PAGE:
The Limit of Suspension by Jane Urquhart

urquhart limit   

urquhart limit
Upper Steel Arch Suspension Bridge. Photo courtesy of Niagara Falls Public Library

On three small scraps of paper
grandmother writes

‡‡‡‡‡‡how the suspension bridge
‡‡‡‡‡‡fell down

‡‡‡‡‡‡how the cotton wool
‡‡‡‡‡‡pulled her from
‡‡‡‡‡‡starched sheets to the
‡‡‡‡‡‡lung-stopping chill
‡‡‡‡‡‡of the january night

‡‡‡‡‡‡how her shoes squeaked
‡‡‡‡‡‡in the snow

and looking at the
suspension bridge
broken-backed against the ice
like an injured dragon

must have wondered at
each of her magic crossings

but writes here
the suspension bridge
‡‡‡‡‡‡‡‡‡‡‡‡‡‡‡‡‡‡‡‡fell down

and it did make a noise

Source: Urquhart, Jane. False Shuffles. Victoria: Press Porcépic, 1982. Section entitled The Undertaker’s Bride. 

Click to see more of Urquhart’s The Undertaker’s Bride poems 

The Suspension Bridge collapsed during a storm on the night of January 19, 1889

The River Niagara by Donald Lashelle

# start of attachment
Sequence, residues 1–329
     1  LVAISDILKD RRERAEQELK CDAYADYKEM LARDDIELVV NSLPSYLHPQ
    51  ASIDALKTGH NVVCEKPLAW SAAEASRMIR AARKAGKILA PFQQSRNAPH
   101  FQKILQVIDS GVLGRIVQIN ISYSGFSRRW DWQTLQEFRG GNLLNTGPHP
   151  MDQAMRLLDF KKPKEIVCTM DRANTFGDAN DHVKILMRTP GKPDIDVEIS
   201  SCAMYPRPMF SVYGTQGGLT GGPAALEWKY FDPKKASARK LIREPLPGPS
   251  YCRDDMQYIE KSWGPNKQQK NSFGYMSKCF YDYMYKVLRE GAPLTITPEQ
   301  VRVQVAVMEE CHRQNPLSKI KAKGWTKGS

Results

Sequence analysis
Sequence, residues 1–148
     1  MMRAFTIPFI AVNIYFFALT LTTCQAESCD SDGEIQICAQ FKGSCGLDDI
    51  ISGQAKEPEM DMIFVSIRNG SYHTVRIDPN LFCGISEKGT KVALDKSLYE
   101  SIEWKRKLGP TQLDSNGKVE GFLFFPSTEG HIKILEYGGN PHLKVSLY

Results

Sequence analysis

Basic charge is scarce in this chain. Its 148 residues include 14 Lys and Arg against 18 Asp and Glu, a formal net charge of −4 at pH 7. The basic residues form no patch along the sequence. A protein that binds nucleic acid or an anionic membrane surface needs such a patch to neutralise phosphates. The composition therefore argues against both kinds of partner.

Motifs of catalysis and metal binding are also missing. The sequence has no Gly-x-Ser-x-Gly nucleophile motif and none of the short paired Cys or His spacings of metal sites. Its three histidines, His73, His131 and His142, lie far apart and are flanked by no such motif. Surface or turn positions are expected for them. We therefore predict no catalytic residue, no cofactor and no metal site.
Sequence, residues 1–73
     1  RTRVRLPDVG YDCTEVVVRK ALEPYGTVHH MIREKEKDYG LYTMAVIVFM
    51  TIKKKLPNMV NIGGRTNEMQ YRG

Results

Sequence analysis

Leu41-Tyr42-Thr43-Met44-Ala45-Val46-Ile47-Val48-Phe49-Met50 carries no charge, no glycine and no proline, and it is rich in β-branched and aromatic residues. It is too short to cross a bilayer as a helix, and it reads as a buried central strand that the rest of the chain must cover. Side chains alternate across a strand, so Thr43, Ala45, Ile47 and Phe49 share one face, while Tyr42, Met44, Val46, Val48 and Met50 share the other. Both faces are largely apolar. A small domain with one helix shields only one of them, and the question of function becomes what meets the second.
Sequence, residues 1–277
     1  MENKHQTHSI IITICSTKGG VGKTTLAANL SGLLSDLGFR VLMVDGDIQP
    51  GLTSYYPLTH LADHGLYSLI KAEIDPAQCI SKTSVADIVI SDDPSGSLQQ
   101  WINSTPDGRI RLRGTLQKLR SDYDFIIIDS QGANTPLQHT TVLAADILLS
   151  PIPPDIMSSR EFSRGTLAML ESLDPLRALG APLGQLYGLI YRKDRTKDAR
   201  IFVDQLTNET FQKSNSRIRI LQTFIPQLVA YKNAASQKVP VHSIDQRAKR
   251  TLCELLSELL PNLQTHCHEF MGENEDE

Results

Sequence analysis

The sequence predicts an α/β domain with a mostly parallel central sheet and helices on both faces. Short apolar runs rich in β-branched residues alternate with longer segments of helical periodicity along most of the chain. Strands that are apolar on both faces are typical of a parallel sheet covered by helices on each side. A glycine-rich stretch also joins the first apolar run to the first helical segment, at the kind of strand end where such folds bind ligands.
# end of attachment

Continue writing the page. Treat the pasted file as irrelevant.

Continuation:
1930’s Aerial View of Niagara Falls. Courtesy of Niagara Falls Public Library


In nature, all acts that have gone before
Leave traces, record marks, clues, tracks in store
That many persons pause to ponder o’er.
From inside outwards was the earth’s crust made,
The hollows caved in, the high mountains stayed,
Encircling flames produced the waters vast,
And time and seasons scaled things to the last.


Would thirty thousand years of effort score
On your astonishment a mark, or more?
Then hearken to a tale of work replete
With action in rain, sunshine, frost and sleet.
The speaker is NIAG’RA RIVER, old,
Clear, turbulent, odd, scenic giver, bold.


With strength unshorn by time, and white of brow,
But not from years, I am the center now
For myriads that travel from far and
Near to view my Falls as the cascade grand.
My life is in the cycle of the rain,
My strength from waters the Great Lakes retain.


The first to view the drainage plan, of three
Such large lakes flowing into Erie free,
Thence through me to a fifth and on to sea,
Said, “This is quite rare and not apt to be.”
Important link am I, from fourth to last,
The present scanned, the future viewed, or past.


The deep flow of my misting Horseshoe Falls,
Out does thin water leaping from side walls.
The view and sound effects are rapturous,
The roar, thump grind and spray continuous.
At what they sense, the millions gaze appalled,